(Tr. I want to tell one about an old fellow....This was an old fellow who could turn on the charms so that he could get away with anything. When he came among a bunch of women they all kinda hung around him for attention. He knew exactly how to get the girls to do anything by his admiration. He would praise them and tell them what beautiful aprons they were wearing. So he was also able to get something good to eat (which he liked) because his wife was a bit untidy. He would to to the the neighbor, charm the housewives and (get something to eat.) In his retirement he lived in the vicinity of my Aunt Christina and she was a fabulous cook. She made heavenly pies and coffee cake. When I went to confirmation school I used to board and room with my Uncle Christian and Aunt Christina. This old fellow would often come there because he got something good to eat because his wife was not a good cook. In the evening many of the older people would meet at my Uncle's house for meetings, Bible study and visiting about old times. The old fellow would also be at the meetings. One evening he showed up right after we finished supper, came to back door, stepped right in and said, "Oh, does this ever smell good." He knew we had apple pie for supper. My Aunt asked, "Would you like a piece of apple pie?" "Oh, no, no, I'll wait until later," he said. "I just has supper." In a moment he thought it over. He schemed, "If I don't take the pie now, I might not be able to get it later when the whole bunch arrives." So he said, "Christina, I think I'll have that pie right now." So he cut himself a piece, stood in the middle of the kitchen to eat when there was a knock on the window. He know it was some of the older people who gather at the house and he thought, "They can't see me here." So he beat it out the back door and went to the window and watched as the visitors came into the front door. So he sat down and ate his pie out behind the house. Then he ran around to the front of the house, wiped off his mouth, went the door and greeted Uncle Christian, "Good evening ________, " as if he had just arrived! The next morning I went out the back door and saw his dish and fork standing on the cistern pump where he had set it before he ran around to the front. He was a tricky one!)
(Group discussed another person - garbled.)
RB: Remember that story. Er hat immer magt kaet, sei frau war ...... Sagt er, vell, er ish zimlich meed, er dinkt er geht frueh ins bett. Un uff eim mahl war der donner von a yacht in naechsten zimmer, no sagt er, "Gott, kinder bringen zwievel. Ich ben in bett....(Punch line was lost in laughter). How about this guy? Er war in a company un er hat zu viel trunka un er sagt er besser geht naus un gookt vies vetter ish. Nu hatter die letz deer die geht na zut pantery nei. Nu ish er zurick nu sagt er, "Wie ish's vetter?" Sagt er, "Desh triebe un schmaekt noch kaes."
(Tr. I remember that story. He always had a hired maid because his wife was.... So he says that he was quite tired and he thought he would go to bed early. All at once there was a terrible noise in the next room and he cried out, " God, kids bring onions. I'm in bed....(Lost punch line.) And how about this guy. He was together with others and had too much to drink and he says he better go outside to check the weather. But he took the wrong door and ended in the pantry. When he got back they asked him, "Well, what's the weather like?" "It is overcast and it smells like cheese!" was his reply.)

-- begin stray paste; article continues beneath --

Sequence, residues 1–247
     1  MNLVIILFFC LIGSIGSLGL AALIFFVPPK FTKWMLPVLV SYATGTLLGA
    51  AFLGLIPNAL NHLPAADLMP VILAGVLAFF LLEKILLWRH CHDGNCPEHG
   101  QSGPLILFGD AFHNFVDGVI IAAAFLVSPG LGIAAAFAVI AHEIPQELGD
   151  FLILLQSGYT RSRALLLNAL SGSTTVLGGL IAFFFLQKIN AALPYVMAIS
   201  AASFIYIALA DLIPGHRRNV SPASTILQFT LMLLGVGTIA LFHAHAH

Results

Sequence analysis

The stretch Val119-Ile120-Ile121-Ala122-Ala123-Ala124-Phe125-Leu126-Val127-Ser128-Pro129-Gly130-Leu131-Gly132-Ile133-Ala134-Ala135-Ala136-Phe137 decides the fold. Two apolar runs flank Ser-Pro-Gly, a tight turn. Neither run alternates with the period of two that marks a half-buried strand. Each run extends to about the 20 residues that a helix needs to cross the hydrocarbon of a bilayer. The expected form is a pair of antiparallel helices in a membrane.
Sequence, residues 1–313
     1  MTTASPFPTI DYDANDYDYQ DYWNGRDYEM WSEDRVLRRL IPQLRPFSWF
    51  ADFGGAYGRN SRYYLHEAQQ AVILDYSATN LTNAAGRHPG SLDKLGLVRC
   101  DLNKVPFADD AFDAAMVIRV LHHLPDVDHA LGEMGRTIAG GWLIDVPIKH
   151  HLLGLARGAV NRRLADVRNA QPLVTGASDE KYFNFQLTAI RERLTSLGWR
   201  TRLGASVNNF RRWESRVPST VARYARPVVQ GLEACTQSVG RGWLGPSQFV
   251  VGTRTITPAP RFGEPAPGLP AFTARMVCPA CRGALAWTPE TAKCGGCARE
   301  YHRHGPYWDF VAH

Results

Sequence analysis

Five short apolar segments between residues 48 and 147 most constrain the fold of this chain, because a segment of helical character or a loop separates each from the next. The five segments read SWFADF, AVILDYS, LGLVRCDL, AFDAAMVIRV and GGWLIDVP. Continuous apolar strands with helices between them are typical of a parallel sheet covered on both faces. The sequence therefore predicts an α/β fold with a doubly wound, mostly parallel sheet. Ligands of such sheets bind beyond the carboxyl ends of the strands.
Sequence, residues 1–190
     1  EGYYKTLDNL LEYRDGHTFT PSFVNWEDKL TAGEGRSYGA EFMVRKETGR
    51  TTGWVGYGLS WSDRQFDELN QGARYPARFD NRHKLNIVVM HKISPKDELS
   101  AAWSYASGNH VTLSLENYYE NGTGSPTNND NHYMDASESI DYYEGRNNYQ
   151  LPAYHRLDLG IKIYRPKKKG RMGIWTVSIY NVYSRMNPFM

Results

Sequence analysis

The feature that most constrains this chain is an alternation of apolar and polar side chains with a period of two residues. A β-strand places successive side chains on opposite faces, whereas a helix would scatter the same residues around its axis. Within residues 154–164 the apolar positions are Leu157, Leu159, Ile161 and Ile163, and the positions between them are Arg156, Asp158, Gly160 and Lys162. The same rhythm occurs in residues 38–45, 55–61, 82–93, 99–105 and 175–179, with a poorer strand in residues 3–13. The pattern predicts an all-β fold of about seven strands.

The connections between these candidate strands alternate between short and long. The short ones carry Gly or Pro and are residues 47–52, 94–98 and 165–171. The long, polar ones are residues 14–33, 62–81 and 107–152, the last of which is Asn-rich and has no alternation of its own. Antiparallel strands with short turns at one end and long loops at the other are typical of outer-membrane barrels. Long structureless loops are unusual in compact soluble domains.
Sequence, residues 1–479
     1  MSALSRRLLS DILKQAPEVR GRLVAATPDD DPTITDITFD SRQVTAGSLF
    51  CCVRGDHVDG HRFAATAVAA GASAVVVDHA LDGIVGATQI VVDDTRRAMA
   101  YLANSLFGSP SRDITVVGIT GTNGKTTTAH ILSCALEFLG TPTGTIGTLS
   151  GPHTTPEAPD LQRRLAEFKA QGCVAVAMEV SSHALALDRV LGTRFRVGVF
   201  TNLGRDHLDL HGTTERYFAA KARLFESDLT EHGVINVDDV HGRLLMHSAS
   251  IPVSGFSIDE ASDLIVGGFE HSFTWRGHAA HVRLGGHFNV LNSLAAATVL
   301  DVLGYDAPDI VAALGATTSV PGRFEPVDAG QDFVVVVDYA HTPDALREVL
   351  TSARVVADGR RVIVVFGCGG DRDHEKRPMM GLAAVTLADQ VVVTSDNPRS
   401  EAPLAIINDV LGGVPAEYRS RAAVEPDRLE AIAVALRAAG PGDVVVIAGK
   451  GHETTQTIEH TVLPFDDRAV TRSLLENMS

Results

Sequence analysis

WH: Ronald, once war die zwei kerl, dess war der Edeward, die hat den bork (male pig) gelada. Dess war der Heinrich Keller. OK Vee haben grozer bork. On der Edeward hat tobacco chewed. Un er hat ein grozer block chew tobacco in dem maul, see? Un der Edeward und der Heinrich die walten in den bork uf g'lada. Un sie haetten viel trouble mit dem grossen bork also uff geladen. Uf ein mal ish der grosse bork zwische die feese g'schprunga un der Edeward hat den groza block chew tobacco uff g'schwallowed un no hat er g'sagt, "Achhhhhhhhh, mein nah, hatt dess g'brennt uffm maaga!"
(Tr. Ronald, once there were these two guys, Edward...who had this boar. Then there was Heinrich Keller. OK. We had this big boar. Edward was chewing tobacco. He had huge plug of chewing tobacco in his mouth, you see. So Edward and Heinrich wanted to load this boar [on a truck] but they had a lot of trouble getting it done. All at once that boar ran between Edward's legs and Edward gulped down the tobacco plug and then said, "Oh gosh, I mean to tell you, did that ever burn in my stomach!)
RB: So he swollowed the whole works, eh? This same crew that threshed together, my Grandfather, my Dad and our Uncle Christ, we also butchered together. And this man was our Uncle Christ, aber der, dess war ahn geitziger. Er war unser butcher aber er war the eiziger kerl do hat kenna a sau schtecka uns messer durkka raus ziega. Den haen net g'bloot. Mer haba immer mit ________drescha no hin mer halt pferd in der schtall nei duah no hin mer haber gaeh. No hat er immer so a krupich kennlie kaet das mer die pfert net fiel haber gaeh kenna. Halt, kenna haber schparrah, you know. No, het er immer der grosse eimer veg duhn un hat des krubiche ding. Aber mir haen ihn g'fixt. Mir haben immer twei, drei mohl uff g'fillt.
(Tr. This man was our Uncle Christ but I tell you, he was stingy. He was was our butcher and he was the only fellow who [was so stingy] that he could thrust a knife into the neck of a pig and draw the knife out dry. It didn't bleed! [In another situation] we would be threshing together [with Uncle Christ] and in the evening we would put the horses into the barn and feed them oats. [Because he was so stingy] he alwlays furnished us with a tiny little bucket so that we wouldn't give the horses much oats. Save it, you know. He always hid the larger pail and gave us the little thing. But we fixed him. We would fill the little one two, three times!)